he don’t show much these days

i don’t talk about god much at all really.

i want to, but i don’t know how.

part of it is that so many of my friends are queerish and us queers have had such scarring experiences with everything about the word “god” that i find myself timid in the face of it.

recently, i had one of those moments where a friend sort of questioned why religion was at all important to me, and i completely blew it. i stuttered and hemmed and hawed and couldn’t really get a complete sentence out, let alone anything really worth listening to.

of course if i did it more, i would be less rusty at it.

my life still feels somewhat compartmentalized, though i don’t want it to be and it’s not intentional. it’s hard to bring together my late 20’s, early 30’s friends together with my quaker friends. is that even essential? not necessarily. i would just love to be a better bridge.

i would just love to feel confident in nonoppressive god-talk. or being firmer in my belief that even if god is not being spoken of, the same things are in the air and happening. and being able to point it out when it’s there and say, “this, this moment, this is what i mean by god.”

Published in: on 7 July, 2010 at 5:03 pm  Comments (5)  

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5 CommentsLeave a comment

  1. I sometimes hem and haw too when someone asks me why it’s worthwhile to practice any sort of religion or participate in a faith tradition. In the end, when I’m grounded enough or calm enough, I’m sometimes able to say,

    “Because it makes me a better person and brings me an inward peace and joy that I don’t experience in other parts of my life.”

    Liz Opp, The Good Raised Up

  2. This spring I had to explain my Friends School sweatshirt to a mom of another kid on my son’s baseball team. I got as far as Friends=Quaker=my religion, but then she clearly hadn’t heard of it and asked more and I got flustered and I have no idea what I said. But the sister of another kid said, “Quakers believe in equality.” I smiled at her and said, “yes.”

  3. Talk, write, sing, be still and talk some more. It sounds like you need to process where you are and how you understand your relationship with God. Sometimes the understanding is a long, slow time coming. Sometimes finding the words to describe it takes even longer. I think that’s perfectly ok. I think it’s ok, as well, to say that you’re not sure or don’t know what to say or that it’s too personal or too new to talk about right now.
    We all (I do, anyway) stumble and stutter and think, “oh, I should have said that” after-the-fact. It’s human nature. The beauty is that we can start over as many times as we need.
    Mary Linda

  4. “Compartmentalized” is a good way of explaining it. I have a facebook account where I go for emotional expression (life in general) – but I don’t dare bring up politics or religion, and a twitter account where I go for mental expression (politics & general wonkery) – but I don’t dare bring up personal stuff, but where do I go for spiritual expression and musings, outside of Meeting? I guess I could start a blog or some such, but that seems so authoritative and intimidating for somebody who’s out of practice. Sigh.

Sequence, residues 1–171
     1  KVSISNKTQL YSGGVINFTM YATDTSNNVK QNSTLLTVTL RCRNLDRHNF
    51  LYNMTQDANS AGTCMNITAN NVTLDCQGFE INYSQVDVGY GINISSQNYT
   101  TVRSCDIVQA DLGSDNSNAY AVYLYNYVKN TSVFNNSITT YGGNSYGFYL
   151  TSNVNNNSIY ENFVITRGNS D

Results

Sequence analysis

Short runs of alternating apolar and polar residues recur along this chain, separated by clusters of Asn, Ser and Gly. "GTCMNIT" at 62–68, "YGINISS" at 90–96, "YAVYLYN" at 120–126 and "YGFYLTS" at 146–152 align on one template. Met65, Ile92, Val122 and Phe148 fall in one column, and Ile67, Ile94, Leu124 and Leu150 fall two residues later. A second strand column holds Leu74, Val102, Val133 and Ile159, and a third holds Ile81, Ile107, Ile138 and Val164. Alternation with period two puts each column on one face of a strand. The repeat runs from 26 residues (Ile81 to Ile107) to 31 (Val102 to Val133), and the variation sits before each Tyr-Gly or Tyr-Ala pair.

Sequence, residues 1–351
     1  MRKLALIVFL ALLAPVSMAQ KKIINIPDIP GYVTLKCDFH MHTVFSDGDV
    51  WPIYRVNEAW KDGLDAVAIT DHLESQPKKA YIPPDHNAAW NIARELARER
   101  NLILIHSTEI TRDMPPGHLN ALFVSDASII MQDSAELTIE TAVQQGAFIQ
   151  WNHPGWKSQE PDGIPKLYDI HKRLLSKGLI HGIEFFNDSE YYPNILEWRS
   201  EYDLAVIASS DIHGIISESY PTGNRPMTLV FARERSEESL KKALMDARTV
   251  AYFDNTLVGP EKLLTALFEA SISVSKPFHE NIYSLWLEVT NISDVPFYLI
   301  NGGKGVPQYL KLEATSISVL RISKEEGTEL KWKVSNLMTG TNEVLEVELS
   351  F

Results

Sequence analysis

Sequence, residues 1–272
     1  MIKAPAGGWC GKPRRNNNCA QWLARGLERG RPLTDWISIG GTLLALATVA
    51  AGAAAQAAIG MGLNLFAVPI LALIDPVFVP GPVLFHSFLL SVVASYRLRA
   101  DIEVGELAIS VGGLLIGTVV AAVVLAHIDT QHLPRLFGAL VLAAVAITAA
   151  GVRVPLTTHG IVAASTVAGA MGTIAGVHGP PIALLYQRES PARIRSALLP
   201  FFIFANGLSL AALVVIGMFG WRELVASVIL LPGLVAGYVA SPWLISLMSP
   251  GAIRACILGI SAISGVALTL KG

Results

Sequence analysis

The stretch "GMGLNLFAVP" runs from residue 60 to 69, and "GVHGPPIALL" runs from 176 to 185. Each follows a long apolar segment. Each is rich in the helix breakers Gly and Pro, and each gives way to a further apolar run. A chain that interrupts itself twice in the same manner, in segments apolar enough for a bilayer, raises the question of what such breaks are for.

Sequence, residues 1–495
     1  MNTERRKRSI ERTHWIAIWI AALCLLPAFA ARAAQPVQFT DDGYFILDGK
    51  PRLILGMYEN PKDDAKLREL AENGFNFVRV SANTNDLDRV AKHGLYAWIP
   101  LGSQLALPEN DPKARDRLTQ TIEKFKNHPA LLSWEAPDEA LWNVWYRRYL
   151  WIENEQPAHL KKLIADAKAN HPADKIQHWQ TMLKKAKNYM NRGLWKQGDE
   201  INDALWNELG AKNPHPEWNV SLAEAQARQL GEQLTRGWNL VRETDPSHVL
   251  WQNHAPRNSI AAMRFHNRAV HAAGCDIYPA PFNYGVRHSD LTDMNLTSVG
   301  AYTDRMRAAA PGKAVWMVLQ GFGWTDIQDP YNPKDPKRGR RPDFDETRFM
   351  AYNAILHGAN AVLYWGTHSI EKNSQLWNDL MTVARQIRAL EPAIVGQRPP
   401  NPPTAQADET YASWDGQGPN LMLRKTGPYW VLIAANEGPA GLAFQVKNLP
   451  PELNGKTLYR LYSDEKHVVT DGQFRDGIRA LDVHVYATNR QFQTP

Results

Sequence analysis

5. I answer the question of why be religious by standing on my experience: I have had transcendental experiences–experiences outside the logic and perception of my normal, material existence; and I’ve had spiritual experiences–experiences that totally transformed my life for which the normal course and activities of my life cannot account. I experience these experiences as a calling to explore them, understand them, follow them inward to their source and outward into the world.

    My definition of God, therefore, for purposes of speaking to others, anyway, is that ‘G*d’ is the Mystery Reality behind spiritual and religious experience, whatever their experience might be.

    Thus, I feel called to a spiritual life. As for religion, that, for me, is a matter of temperament. I’ve explored several traditions for spiritual life and have found that community is really important to me as the right context for spiritual life, but many people seem not to need community so much. The Religious Society of Friends is far and away the best fit for me in this regard, not just because of its openness to people like me, but because it already had mapped out paths inward and outward that perfectly matched my own patterns of spiritual life.

    I think of religion as the spiritual life of a community, the beliefs and practices it uses to experience G*d. Among Friends, I have had ‘religious’ experience, as well, adding to the store of transcendental and spiritual experiences I’ve had. For me, ‘religious experience’ is transcendental and spiritual experience shared with the community, experienced in common by the community. The primary form this has taken is the gathered meeting for worship–the inward centering of the community–and true vocal (and other kinds of) ministry–ministry that transforms the community and its members.

    Does this help? Does this make sense?

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